I’m also praying that bringing this up in the public square is more helpful than hurtful to your efforts.
Here’s the next step of progress of this work in process: the Exponential planning team has posted this clear and sincere apology = Exponential Addressing Asian-American Leaders’ Concerns http://blog.exponential.org/2013/10/exponential-addressing-asian-american-leaders-concerns/
“A journey of a thousand miles begins with a single step.” ~ Lao-tzu, The Way of Lao-tzu
Thank you for bringing a ministry of presence from the Asian American perspective. As a Filipino-American in vocational ministry for the better part of my adult life, I appreciate very much what you and others are doing on all of our behalf.
Dr. Lumanog, thank you for adding a comment with your encouragement. Much appreciated, blessings.
DJ – Thank you for the posture that you’ve taken in addressing this sensitive matter and for the dialogue you’re seeking to create. I’m also grateful for the comments from people like Sam and Christine who have shared their perspective on the manner that they’ve chosen to address it. My prayer is that this would help to bring about change within the evangelical community. If any of you have further suggestions/advice on how organizations like the one I am a part of, Cru, can be a part of the dialogue, I would appreciate your input.
Scott, thank you for adding your comment and encouragement. I have tons of ideas as an ideator, happy to connect with you and Cru and Epic Movement to accelerate the long overdue dialogue to collaborate for a better future. Let me know when we can connect at djchuang.com/call and i’ll be able to give my undivided attention.
I will do that, DJ. Looking forward to talking.
DJ, I’m glad that you were part of that meeting. What has happened beyond and since?
I am in the midst of writing to Dave Ferguson as well. One note: 30-minutes seems, while a good starting point, probably not going to result in significant change. The Open Letter, and, I imagine, the actual meeting, was filled with grace towards the Exponential team, as it should.
The power of grace, I feel, is sweeter in light of the truth. I respond more greatly to God’s grace the more clearly I see the truth in my errors and wanderings.
To that end, I think one step is for the team to better understand the truth — specifically, the hurt from that video. It’s not clear whether 30-minutes would be enough, again, not for the sake of harping on the impact, but because grace received becomes so much greater.
Tim, thanks for your comments and appreciate the questions. What I can say is that there is notable conversations happening on the back channels (off-the-record, behind-the-scene) and I’m only aware of a small slice of off-the-grid activities. As you might already know, whether in Asian culture or American culture, a majority of institutional changes most often happen because of conversations in private meetings.
Your observations are right on the mark, that a 30-minute discussion will not result in significant change in and of itself. We’re dealing with something that’s had decades of history, and it may well take decades of on-going efforts to develop the change that’s overdue. I think we all recognize that it was the first of many steps, and you can read public statements from Exponential stating as such.
And having personally engaged with the Exponential team prior to the incident – see http://blog.exponential.org/2013/08/a-vibrant-future-for-asian-and-hispanic-church-planters-facing-opportunties-and-challenges/ – Exponential has previously shown, did show, and my hope is that they will continue to show, the intentionality and effort towards developing new solutions and working collaboratively to become a more effective missional church for all peoples.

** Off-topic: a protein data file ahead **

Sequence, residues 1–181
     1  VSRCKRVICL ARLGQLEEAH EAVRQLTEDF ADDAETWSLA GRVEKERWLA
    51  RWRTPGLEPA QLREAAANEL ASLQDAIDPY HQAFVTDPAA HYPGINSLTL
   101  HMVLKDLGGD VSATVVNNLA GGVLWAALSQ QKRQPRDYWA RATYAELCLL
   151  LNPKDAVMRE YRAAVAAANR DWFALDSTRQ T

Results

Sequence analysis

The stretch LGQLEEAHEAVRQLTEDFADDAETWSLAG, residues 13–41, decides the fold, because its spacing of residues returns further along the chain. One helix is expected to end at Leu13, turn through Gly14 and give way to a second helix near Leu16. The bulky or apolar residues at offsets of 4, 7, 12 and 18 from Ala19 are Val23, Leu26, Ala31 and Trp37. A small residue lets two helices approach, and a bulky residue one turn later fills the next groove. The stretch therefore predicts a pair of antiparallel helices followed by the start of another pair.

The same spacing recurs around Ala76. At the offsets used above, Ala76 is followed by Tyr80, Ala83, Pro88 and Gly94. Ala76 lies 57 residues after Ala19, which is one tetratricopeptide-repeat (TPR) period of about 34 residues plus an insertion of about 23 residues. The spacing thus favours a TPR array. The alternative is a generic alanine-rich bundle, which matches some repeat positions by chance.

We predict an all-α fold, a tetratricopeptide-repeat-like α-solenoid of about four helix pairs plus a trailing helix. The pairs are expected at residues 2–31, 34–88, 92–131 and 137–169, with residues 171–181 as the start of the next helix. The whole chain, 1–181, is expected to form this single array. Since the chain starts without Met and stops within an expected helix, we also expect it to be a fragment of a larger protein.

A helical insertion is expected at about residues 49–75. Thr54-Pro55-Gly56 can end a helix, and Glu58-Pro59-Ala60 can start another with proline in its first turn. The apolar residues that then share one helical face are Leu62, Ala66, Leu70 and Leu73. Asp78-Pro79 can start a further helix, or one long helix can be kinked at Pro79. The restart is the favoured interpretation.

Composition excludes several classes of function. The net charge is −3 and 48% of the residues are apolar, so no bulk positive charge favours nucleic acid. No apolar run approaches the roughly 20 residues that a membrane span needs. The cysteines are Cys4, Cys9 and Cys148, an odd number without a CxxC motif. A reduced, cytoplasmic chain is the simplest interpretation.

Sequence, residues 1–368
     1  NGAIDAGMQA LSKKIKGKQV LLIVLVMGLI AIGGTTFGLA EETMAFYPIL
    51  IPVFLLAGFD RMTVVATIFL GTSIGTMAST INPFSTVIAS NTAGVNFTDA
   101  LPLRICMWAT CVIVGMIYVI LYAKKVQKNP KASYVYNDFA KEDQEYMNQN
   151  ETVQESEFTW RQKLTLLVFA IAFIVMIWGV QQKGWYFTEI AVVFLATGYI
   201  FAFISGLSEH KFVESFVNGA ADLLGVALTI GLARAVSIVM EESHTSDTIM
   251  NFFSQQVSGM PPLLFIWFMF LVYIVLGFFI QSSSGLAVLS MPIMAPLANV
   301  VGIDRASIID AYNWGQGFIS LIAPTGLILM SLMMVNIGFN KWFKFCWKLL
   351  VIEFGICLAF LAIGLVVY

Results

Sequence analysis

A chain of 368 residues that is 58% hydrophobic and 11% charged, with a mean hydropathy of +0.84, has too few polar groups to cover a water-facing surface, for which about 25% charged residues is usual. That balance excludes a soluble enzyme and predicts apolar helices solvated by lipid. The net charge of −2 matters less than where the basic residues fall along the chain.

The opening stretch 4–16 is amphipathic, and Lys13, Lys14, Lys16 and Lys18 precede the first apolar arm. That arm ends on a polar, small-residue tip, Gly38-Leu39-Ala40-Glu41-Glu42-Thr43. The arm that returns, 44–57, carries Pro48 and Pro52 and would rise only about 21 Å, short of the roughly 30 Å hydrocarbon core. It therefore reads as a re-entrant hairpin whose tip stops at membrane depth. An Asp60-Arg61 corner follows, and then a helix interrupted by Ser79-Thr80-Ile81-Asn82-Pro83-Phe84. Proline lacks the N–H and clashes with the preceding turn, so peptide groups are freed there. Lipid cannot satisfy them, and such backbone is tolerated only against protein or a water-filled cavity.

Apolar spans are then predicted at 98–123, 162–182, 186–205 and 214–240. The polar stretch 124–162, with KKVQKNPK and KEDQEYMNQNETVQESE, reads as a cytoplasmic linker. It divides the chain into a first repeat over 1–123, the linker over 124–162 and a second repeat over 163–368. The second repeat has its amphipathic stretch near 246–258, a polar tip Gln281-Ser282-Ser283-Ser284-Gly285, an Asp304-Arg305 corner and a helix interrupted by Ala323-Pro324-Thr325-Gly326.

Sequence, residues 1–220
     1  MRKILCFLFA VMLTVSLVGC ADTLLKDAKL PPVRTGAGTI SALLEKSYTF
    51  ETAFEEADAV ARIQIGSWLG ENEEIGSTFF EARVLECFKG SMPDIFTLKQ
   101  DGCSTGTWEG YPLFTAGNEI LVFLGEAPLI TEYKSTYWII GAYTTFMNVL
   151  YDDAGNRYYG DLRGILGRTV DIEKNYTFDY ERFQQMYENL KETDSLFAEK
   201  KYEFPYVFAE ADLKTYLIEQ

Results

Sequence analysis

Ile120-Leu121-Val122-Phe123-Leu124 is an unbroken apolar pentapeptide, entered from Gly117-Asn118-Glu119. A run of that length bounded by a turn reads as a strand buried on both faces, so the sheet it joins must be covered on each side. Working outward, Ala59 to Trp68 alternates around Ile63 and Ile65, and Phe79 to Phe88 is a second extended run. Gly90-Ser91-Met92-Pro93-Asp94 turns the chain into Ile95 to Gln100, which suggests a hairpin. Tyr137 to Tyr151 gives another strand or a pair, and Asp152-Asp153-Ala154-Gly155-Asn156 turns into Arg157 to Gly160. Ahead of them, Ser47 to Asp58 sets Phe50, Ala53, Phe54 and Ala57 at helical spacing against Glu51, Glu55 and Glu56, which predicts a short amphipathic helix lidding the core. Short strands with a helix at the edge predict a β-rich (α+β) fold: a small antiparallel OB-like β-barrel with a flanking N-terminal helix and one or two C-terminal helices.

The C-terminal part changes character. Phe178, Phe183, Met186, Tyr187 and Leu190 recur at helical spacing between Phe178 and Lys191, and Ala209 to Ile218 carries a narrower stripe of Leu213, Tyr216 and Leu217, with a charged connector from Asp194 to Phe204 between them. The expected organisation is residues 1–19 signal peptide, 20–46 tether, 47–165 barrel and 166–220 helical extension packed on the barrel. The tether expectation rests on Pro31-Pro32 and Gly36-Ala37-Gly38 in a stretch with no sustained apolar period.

Hey DJ, thanks for getting back. Perhaps some of this could best be done over a call.
Where I am at is here: I’m not clear purely private meetings is the best way. I recognize some of that has to happen, but, as I noted above, it abstracts the truth to those at Exponential.
I have reached out, for example, directly to Dave, inviting him to learn from our Asian community; but my hunch is, because the back channels are done, he’ll feel that he’s covered his bases through back-channels. As a result, transparency will be limited. And without transparency, there’s unlikely to be accountability or responsibility.
The best listening and leadership is done broadly, probably in conjunction with the back-room for sensitive issues and diplomatic reasons; but things ultimately should be brought to light.
Hey Tim, happy to talk with you by phone – my number was in this blog post and under the Contact menu item, or I’ll just put it here so you don’t have to scroll or click around – 949-243-7260 California time. Look forward to connecting.
One small difference in word choice: I did not say private meetings are “the best way” – I said “a majority of institutional changes most often happen because of conversations in private meetings” – more of a quantitative comment than a qualitative one.
I’m of the belief that there are more than 2 ways to accomplish something cf. http://djchuang.com/2013/always-more-than-2-ways-to-do-something/ and I too hold a strong value for transparency, being a blogger myself since 1999, that’s what I’ve done personally, but I also recognize the reality that most organizations are not into that value for various reasons, some of which is due to legal advice.
There has been a significant change in the perceptions of Chinese Americans. In as little as 100 years of American history, stereotypes of Chinese Americans have changed to portraying a hard working and educated minority. Thus, most Chinese Americans work as white collar professionals, many of whom are highly educated, salaried professionals whose work is largely self-directed in management, professional, and related occupations such as engineering, medicine, investment banking, law, and academia. 53.1% of Chinese Americans work in many white collar professions compared with 48.1% for all Asian Americans and a national average of 35.1%.